it might not improve public speaking skills, but it's unlikely to do any harm!
(Keynote would have to be legal, obviously, but you could kill all its themes apart from black and white and replace Gill Sans with Helvetica Neue. And Windows would have to be killed as well since it can't render glyphs in the correct shap).
...as always, thank you!
However, as any designer worth his salt will attest, the reason we don't like Comic Sans is that to our eyes, it does (for a whole catalogue of reasons I won't bore you with) look f**k ugly. If anyone reading this disagrees, that's OK. Carry on using it by all means.
But as an example everyone might warm to, it has a visual effect on some of us similar to the one people get just before they ask the question "you call THAT music"?
There I said it. I set the default font in all the chat apps I use, to a dark purple Comic Sans 11pt. By doing this, I am saying I'm friendly and easy going, please talk to me. Nothing will stop me from using it, and group chat, I stand out, because I'm the one with the friendly font...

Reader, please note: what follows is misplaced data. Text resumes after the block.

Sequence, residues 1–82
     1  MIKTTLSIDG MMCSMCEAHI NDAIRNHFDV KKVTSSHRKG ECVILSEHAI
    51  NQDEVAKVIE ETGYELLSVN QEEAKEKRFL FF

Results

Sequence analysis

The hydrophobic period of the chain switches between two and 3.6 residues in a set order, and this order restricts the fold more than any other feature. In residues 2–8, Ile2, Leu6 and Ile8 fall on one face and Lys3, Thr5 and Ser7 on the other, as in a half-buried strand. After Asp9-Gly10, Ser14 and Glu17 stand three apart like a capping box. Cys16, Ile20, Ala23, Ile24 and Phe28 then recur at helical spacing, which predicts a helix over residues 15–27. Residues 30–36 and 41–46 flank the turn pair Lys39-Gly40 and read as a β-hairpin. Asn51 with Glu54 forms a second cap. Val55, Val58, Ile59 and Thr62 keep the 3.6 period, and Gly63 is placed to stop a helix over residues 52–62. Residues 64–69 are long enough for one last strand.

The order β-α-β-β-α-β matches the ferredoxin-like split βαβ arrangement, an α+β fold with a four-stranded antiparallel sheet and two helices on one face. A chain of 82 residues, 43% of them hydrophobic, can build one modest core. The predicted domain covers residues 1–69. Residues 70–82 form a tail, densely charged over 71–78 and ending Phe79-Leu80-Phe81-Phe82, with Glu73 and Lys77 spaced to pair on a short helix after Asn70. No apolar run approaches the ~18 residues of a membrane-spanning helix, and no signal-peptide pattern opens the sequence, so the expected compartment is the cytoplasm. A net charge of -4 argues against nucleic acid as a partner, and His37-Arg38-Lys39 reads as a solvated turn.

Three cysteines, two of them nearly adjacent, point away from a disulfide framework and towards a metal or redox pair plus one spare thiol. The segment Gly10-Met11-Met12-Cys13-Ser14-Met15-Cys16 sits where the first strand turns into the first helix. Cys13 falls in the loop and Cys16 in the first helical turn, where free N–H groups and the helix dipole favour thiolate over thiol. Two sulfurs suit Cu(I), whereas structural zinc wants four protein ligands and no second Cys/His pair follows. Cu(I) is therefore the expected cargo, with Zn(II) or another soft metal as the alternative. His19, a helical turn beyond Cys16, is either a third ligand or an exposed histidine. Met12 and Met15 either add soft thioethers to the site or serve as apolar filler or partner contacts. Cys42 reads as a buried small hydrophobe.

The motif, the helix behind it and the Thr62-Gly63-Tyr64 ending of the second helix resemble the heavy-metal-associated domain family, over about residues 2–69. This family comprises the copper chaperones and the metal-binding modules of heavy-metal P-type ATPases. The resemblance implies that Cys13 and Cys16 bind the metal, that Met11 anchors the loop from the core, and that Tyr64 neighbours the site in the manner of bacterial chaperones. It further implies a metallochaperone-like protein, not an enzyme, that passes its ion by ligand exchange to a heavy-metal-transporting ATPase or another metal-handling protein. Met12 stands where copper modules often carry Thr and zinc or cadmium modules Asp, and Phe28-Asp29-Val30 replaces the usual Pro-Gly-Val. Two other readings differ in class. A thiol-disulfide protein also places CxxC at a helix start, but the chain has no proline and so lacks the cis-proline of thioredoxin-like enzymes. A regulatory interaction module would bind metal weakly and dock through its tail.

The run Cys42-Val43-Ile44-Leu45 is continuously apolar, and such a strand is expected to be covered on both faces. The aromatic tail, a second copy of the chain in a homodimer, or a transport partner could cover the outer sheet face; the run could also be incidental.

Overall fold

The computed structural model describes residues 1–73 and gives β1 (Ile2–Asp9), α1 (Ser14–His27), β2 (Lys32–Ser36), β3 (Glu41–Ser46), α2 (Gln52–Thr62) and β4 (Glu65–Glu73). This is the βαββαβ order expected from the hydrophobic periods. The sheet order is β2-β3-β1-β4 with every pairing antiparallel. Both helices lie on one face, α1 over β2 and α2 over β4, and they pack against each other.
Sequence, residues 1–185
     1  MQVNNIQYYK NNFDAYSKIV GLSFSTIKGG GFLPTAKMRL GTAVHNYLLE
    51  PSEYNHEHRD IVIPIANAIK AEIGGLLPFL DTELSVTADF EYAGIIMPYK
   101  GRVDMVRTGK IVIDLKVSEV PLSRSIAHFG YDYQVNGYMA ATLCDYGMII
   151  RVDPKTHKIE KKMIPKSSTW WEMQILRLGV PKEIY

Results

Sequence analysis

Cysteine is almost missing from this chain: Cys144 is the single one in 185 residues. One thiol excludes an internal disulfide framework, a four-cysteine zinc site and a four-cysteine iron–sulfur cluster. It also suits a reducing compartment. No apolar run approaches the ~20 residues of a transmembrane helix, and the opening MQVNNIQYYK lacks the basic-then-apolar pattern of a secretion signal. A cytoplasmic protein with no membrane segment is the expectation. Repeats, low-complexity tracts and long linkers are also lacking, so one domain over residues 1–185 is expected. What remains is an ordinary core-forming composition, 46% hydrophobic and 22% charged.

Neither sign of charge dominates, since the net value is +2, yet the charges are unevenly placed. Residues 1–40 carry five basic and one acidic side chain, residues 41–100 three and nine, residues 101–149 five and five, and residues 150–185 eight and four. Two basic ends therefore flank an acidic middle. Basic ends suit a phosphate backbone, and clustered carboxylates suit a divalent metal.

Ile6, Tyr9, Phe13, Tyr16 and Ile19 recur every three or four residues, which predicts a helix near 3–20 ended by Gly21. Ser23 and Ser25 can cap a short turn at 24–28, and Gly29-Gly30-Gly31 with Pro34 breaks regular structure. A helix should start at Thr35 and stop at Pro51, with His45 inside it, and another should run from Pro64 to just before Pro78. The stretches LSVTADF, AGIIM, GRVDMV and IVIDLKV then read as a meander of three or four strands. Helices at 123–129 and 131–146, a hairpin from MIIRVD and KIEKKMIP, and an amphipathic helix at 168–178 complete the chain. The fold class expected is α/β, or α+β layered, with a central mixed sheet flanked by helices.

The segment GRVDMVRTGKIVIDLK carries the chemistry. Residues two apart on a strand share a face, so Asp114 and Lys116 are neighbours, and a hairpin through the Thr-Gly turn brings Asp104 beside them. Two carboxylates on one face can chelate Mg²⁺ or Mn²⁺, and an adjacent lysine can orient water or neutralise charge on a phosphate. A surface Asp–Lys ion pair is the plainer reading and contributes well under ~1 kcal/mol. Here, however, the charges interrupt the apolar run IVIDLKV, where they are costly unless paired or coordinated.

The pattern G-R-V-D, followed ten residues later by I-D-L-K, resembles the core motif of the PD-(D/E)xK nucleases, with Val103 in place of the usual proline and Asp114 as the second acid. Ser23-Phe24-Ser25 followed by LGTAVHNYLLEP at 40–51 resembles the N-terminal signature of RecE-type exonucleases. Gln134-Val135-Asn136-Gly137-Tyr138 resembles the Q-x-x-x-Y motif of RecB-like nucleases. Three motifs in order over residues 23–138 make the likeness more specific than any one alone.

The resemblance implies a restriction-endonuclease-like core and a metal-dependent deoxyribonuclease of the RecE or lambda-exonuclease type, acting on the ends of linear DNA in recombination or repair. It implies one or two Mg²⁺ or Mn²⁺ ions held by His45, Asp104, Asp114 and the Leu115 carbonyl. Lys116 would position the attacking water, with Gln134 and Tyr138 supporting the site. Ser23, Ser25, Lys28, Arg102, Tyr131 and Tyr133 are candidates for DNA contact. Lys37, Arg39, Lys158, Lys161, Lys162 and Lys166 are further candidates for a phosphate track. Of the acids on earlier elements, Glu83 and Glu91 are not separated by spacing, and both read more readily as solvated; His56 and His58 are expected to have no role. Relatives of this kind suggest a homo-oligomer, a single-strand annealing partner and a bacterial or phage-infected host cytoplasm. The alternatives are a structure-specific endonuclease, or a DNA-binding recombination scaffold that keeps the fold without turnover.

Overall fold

But you'll never convince me. Something about the font just makes me think "amateur".
If I wasn't at work I'd hunt for the photo of a "keep this door closed" sign in Comic Sans that someone has placed a "do not use Comic Sans - we are a fortune 500 company, not a toy factory" sign next to (in Arial).
Whilst you think that by using 11pt dark magenta Comic Sans, you appear as a friendly easy going kind of person, to anybody else, it immediately appears that you are a middle-aged housewife who has just got their first computer (probably a second-hand pentium II) and has discovered the 'e' icon on the desktop. Somehow you have made it further than MSN. But not much further. Approximately once a month, your 19 year old son comes home from uni for the weekend and reinstalls Windows for you to remove all the viruses you seem to have accumulated.